The stretch of river from Shifford Lock to New Bridge was sublime, the Thames could not have been prettier. I watched family groups of both Swans and Geese leisurely enjoying going about their business on the water, only interrupted by the odd boat which passed them and me by every so often. However, despite the loveliness of my walk on this part of the walk I did experience some alarm. Walking up a slight incline near the right angle bend on the river near Harrowdown Hill I twinged my right knee. Suddenly I was limping and thinking "Oh damn, this is not good". I limped slowly to New Bridge. In my discomfort I failed to notice the River Windrush flowing into the Thames on the far bank, at a point just before the impressive road bridge. The Windrush is a river I have met and enjoyed before, featuring prominently in one of my favourite Cotswold walks, one starting from Bourton-on-the-Water

New Bridge spanning the River ThamesNew Bridge spanning the River Thames
Round the bendRound the bend

Having crossed the road at New Bridge I took advantage of a vacant wooden leisure boat wharf near the Maybush pub's beer garden to take my lunch. In the hope my knee pain would ease. Relaxing and refueling over fifteen minutes worked wonders. When I got up to walk on, at first gingerly, and then at a steady pace, the pain had gone. "Phew, that was lucky" I thought to myself.

Boathouse in need of TLCBoathouse in need of TLC
Keeper's House, Northmoor LockKeeper's House, Northmoor Lock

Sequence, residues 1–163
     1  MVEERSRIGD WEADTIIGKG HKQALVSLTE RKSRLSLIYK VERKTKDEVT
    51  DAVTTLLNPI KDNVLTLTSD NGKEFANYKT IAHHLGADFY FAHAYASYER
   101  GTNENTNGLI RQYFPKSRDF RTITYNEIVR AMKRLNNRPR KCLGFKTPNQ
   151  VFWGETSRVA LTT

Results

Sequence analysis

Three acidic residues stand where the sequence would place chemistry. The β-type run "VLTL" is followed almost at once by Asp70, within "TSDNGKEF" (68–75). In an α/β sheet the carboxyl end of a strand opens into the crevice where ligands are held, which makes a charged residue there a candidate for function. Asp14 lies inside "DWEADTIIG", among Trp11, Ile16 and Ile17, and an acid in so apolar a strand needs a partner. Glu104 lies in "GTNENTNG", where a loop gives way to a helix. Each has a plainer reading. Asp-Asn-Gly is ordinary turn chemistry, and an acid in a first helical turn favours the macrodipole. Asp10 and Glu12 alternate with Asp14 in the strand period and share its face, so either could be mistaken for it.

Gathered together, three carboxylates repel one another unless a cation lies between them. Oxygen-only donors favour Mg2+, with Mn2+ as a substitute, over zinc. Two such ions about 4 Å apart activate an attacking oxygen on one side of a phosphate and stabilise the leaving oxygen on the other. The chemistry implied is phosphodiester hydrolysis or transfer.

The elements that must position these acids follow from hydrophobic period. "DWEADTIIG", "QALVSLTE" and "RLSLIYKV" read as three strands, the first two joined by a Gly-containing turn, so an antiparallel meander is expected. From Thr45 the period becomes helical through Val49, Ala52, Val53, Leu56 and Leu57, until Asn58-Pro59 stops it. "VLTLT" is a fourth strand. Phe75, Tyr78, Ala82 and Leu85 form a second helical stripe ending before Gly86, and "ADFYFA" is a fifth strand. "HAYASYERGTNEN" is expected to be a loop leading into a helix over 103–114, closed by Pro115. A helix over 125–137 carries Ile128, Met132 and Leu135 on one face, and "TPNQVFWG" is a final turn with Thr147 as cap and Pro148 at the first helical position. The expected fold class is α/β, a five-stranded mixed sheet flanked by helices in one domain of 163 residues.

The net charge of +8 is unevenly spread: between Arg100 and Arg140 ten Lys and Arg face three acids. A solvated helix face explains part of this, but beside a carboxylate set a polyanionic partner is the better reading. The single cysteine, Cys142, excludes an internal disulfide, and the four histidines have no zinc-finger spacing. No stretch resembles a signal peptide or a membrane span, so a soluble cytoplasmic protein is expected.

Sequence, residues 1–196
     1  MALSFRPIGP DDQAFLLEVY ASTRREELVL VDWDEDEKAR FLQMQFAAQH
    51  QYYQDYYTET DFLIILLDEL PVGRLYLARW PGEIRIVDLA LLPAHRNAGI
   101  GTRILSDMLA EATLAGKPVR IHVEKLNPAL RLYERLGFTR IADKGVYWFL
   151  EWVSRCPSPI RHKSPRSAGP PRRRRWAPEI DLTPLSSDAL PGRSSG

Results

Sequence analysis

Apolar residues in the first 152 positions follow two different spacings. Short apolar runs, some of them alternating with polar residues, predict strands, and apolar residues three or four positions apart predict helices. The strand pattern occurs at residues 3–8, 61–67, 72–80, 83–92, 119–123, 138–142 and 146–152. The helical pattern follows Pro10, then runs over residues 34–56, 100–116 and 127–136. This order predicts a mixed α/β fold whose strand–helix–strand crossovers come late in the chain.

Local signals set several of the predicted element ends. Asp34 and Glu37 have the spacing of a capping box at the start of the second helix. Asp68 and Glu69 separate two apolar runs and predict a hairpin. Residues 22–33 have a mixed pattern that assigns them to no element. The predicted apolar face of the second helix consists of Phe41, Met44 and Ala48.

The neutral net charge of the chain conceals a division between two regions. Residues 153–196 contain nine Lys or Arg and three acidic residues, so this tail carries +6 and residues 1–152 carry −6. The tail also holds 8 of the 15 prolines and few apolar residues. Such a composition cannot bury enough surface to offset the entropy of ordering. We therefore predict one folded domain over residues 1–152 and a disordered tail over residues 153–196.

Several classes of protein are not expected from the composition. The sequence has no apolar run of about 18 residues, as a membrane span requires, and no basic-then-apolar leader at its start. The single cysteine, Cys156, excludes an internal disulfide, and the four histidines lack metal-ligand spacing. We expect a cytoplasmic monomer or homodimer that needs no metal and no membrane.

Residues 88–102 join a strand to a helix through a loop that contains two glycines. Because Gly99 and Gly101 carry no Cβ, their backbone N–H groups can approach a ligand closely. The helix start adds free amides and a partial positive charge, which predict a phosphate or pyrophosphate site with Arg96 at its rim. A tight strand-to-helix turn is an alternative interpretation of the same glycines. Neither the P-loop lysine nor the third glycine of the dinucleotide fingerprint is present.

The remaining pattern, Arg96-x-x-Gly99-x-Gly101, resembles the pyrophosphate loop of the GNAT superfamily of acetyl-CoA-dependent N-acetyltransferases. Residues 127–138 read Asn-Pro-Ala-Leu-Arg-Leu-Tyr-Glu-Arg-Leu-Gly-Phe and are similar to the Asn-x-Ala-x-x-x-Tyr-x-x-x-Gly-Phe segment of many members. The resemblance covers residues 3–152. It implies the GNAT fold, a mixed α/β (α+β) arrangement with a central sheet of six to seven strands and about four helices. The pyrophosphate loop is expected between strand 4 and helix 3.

I had two miles of the quietest countryside to walk from New Bridge to Northmoor Lock, the next point of note on the Thames Path. However in that two miles I passed a number of eye-catching scenes, most notably a series of waterside homes with large waterside gardens and all sporting boathouses in varying states of upkeep. Some were pristine, some neglected. Like the one leaning over and seemingly about to topple over in the picture. I also crossed over a small uncut flower meadow leading directly to the lock. It was full of butterflies fluttering about. Northmoor Lock itself was quiet and still. Not a soul to be seen.

Airbus A400 with curly propellersAirbus A400 with curly propellers
Helicopter over the hedgerowHelicopter over the hedgerow

The peace I had enjoyed from New Bridge to Northmoor Lock was interrupted somewhat on the next phase of my walk to Bablock Hythe. During it I looked up to the sky on more than one occasion to see aircraft flying low overhead. Not civil aircraft but military. A couple of heavy transporters and a couple of helicopters too. I guess they were operating out of Dalton Barracks, a logistics base about three miles away from me to the south-east. After the overhead shows I reached the Ferryman Inn at Bablock Hythe at which point I was led away from the Thames, the path taking me up a tarmac lane past a regimented a quite ugly holiday camp of static caravans. I made haste past the camp.

Swinford Bridge Toll FeesSwinford Bridge Toll Fees
Swinford Bridge Toll HouseSwinford Bridge Toll House

The final part of this third stage led me primarily in a straight line across fields and then on a path edging the west side of Farmoor Reservoir to Pinkhill Lock. I was getting a bit tired now, stopping at intervals for short rests between miles fifteen and eighteen of my day. However, these last miles saw the Thames Path sharing with the Oxford Green Belt Way and so I could tick off part journey on yet another long distance path. I wondered how many I had now walked in whole or at least in part. It must be well into the hundreds. A pleasing thought for a long distance enthusiast such as myself. That good thought boosted me on the last steps of the stage to Swinford Toll Bridge. Though not the last steps of my day because I had still to walk into the nearby village of Eynsham to find my accommodation. Which by the way was excellent. And I had a good laugh in a local pub with a few eccentric townsfolk too. All in all, a superb day had been had. See you tomorrow.